One of the bands I shoot often hate light, and love to play in low-lit, moody clubs and lounges, and really hate the flash, so I've learned how to deal with this situation regularly. If you have any more questions, feel free to ask.

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9/17/2003 1:26:00 AM

Megan E. Elder   I wouldn't use a digital camera at a concert. We typically use a Nikon D100 in our news room, but at concerts we revert to film because the crazy lights tend to wig out digital cameras. Listen to the other guys... they've got good advice!!!

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9/17/2003 8:03:13 AM


I really appreciate your help!

Best wishes.

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9/23/2003 9:04:38 AM

Michael Kaplan   I like to shoot concerts. You can do what the above people said which is get higher ISO film and/or push your film. It is the same with digital or film that you must use a higher ISO but there is another thing which nobody mentioned and that is a lens with a wider F stop.

For my concert pics (You can see some at my pbase site below) I purchased Canon's wonder lens; the 50mm F1.8. It is only $70 USD and is fantastic for low light. The lens alone will add a couple of stops or more depending on the lens you are currently using.

I completely disagree about not using digital for concerts. I have the Canon 10D and shot the concerts at ISO 400-800. Virtually every pic came out perfectly and there were around 1000 pics taken. There are dancers and singers and movement was captured well with the higher ISO and lens combo.

With the 10D noise is virtually non-existant and being able to review your pics as you go along and see a histogram can be a wonderful aid to knowing how you are doing exposure-wise. You don't need a digital for those pics but it makes it much more useable and fun over film and with having no film use costs you can take hundred of pictures with no extra cost involved.
Michael Kaplan
Canon EOS-10D

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9/24/2003 5:31:46 AM

Buddy Purugganan   The beauty of getting wonderful 'gig photos is the availability of real FAST films ( ISO 800,ISO 1200,etc..) that can really capture those stages with subtle colorful lights and sometimes stage camaraderie. ( Think Angus Young leaping, Gene "KISS" Simmons spitting blood or Ozzy Osbourne throwing pails of water to the crowd) Films by FUJI ( Pro Press) which I truly recommend and have really high ISO numbers. Also the KONICA Centuria are quite good. There are actually PLENTY so its a cinch to get them at professional photo shops.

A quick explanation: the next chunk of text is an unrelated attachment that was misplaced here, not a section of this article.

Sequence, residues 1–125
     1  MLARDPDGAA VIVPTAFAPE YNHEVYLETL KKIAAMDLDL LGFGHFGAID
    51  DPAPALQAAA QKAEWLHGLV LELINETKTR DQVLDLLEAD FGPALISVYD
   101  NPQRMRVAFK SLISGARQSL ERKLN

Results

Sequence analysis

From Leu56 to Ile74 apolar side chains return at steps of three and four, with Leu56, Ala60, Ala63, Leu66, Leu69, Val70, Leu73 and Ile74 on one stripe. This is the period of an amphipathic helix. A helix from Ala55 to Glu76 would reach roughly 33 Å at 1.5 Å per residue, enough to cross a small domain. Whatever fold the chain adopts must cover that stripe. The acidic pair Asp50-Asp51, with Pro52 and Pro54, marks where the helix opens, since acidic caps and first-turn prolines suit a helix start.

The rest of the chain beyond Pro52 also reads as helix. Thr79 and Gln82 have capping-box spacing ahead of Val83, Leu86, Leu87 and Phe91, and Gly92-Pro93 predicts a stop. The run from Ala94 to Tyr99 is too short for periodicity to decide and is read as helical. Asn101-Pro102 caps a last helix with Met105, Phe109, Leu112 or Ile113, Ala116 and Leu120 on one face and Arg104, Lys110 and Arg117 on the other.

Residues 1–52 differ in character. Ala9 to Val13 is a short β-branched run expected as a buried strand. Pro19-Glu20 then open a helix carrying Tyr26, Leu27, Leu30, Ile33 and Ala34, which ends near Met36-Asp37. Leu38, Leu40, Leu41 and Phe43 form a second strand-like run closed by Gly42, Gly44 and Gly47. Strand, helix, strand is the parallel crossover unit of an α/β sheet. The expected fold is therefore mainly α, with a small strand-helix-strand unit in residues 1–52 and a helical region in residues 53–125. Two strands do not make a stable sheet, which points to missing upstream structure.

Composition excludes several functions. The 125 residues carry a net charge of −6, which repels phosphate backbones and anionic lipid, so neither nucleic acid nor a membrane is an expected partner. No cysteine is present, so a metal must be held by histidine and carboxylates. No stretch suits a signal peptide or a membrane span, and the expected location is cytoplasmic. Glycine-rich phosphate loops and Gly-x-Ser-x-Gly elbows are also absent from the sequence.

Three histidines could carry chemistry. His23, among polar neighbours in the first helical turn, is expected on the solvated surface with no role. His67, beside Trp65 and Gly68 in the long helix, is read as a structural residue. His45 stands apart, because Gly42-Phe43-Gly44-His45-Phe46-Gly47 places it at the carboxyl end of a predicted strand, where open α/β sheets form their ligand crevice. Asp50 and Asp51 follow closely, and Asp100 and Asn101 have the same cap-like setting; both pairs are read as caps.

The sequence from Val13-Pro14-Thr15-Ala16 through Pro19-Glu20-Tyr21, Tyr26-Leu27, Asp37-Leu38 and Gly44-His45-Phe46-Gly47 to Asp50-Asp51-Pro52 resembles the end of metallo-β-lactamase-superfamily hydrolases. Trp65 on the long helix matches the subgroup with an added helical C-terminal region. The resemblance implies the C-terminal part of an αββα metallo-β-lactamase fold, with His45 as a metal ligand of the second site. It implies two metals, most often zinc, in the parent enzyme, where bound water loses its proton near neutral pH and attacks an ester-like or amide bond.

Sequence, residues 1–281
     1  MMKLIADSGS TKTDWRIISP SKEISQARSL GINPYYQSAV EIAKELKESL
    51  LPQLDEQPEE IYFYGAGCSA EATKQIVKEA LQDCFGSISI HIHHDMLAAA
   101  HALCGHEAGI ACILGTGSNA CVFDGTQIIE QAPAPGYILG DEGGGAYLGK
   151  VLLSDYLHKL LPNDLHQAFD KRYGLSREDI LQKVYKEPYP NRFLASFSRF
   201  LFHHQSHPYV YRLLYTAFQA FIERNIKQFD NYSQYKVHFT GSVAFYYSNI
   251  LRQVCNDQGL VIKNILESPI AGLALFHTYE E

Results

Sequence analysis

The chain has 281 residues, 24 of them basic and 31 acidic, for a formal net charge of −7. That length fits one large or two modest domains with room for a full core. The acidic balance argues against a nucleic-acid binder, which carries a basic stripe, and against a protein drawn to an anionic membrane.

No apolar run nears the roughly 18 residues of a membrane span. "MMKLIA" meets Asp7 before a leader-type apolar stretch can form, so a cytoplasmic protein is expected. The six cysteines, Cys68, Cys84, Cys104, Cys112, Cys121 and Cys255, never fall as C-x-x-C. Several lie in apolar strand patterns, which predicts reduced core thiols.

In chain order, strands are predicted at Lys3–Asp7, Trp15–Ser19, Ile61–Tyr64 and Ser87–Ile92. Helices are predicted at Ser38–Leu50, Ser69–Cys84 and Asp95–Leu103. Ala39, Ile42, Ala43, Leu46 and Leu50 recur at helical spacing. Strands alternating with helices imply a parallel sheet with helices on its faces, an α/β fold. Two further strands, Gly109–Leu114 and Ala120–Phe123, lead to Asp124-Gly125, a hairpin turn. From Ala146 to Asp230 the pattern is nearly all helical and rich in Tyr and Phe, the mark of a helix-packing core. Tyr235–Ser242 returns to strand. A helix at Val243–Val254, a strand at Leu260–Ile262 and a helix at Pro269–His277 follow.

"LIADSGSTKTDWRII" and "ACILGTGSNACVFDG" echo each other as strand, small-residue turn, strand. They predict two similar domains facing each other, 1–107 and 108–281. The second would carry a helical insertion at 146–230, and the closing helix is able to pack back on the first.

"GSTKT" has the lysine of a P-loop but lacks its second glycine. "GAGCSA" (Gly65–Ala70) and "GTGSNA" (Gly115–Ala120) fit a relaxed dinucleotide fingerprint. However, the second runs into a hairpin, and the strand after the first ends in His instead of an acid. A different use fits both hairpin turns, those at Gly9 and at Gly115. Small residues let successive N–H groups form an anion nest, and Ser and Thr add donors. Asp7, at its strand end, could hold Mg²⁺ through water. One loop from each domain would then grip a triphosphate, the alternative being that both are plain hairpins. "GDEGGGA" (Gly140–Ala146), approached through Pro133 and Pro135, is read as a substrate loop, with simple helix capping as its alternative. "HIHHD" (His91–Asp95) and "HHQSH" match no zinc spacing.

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9/24/2003 11:22:56 PM

Anand S   Hi Tim and Sreedevi, your responses are very informative. I don't have any experience in shooting concerts for that matter I am a very amateur photographer. I have a question in pushing the film. When we say that we are pushing the film we make the camera think that it is using a faster film which is actually not true. But the camera will calculate the exposure according to the pushed film speed (say ISO 1600 pushed to ISO 3200) which will actually be an under exposure for ISO 1600 say by 2 or 3 stops (because our physical medium still remains the same ISO1600 and the silver bromide coating on the physical medium still remains the same). Instead of pushing the film can't we just under expose it by 2 or 3 stops and achieve ths same results? Also I read in one of the responses that while processing we should mention that the film is pushed then the lab folks will take care of the rest. How does it all happen an elaborate answer will be of great help? Suppose in a single roll I shoot 20 pics with pushed settings and another 16 without pushing(here in India we get rolls of 36 exposures) will the excess processing not affect the other 16 pictures? Please clarify.

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9/27/2003 3:27:32 AM

Tim Devick   Hi Anand,

Let's take your example of pushing ASA 1600 film to 3200.What Hannah wants to accomplish is to shoot at a faster shutter speed than allowed by the film she's using so she can stop or slow down the motion of the performers. If uses 1600 film and can shoot with a shutter speed of 1/15 of a second, she can push this film to 3200 and shoot with a shutter speed of 1/30 of a second. When I'm using Fuji Velvia slide film (ASA 50) on a heavily overcast day, I sometimes will push it a stop so that I can hand-hold shots that should require a tripod, and so I can use higher shutter speeds to stop the movement of the subject when I'm shooting wildflowers yet still retain the depth of field I want. If I shot at the ASA 50 rating on a heavily overcast day, I might be shooting at, say, 1/30 second at f/8 with my 50mm lens. If I push my film a stop, I can shoot at 1/60 of a second at f/8, or I can shoot at 1/30 second at f/11. This gives me shorter shutter speeds or a bit more depth of field. From what I've read, the drawback to pushing film is it can increase contrast and graininess in the film.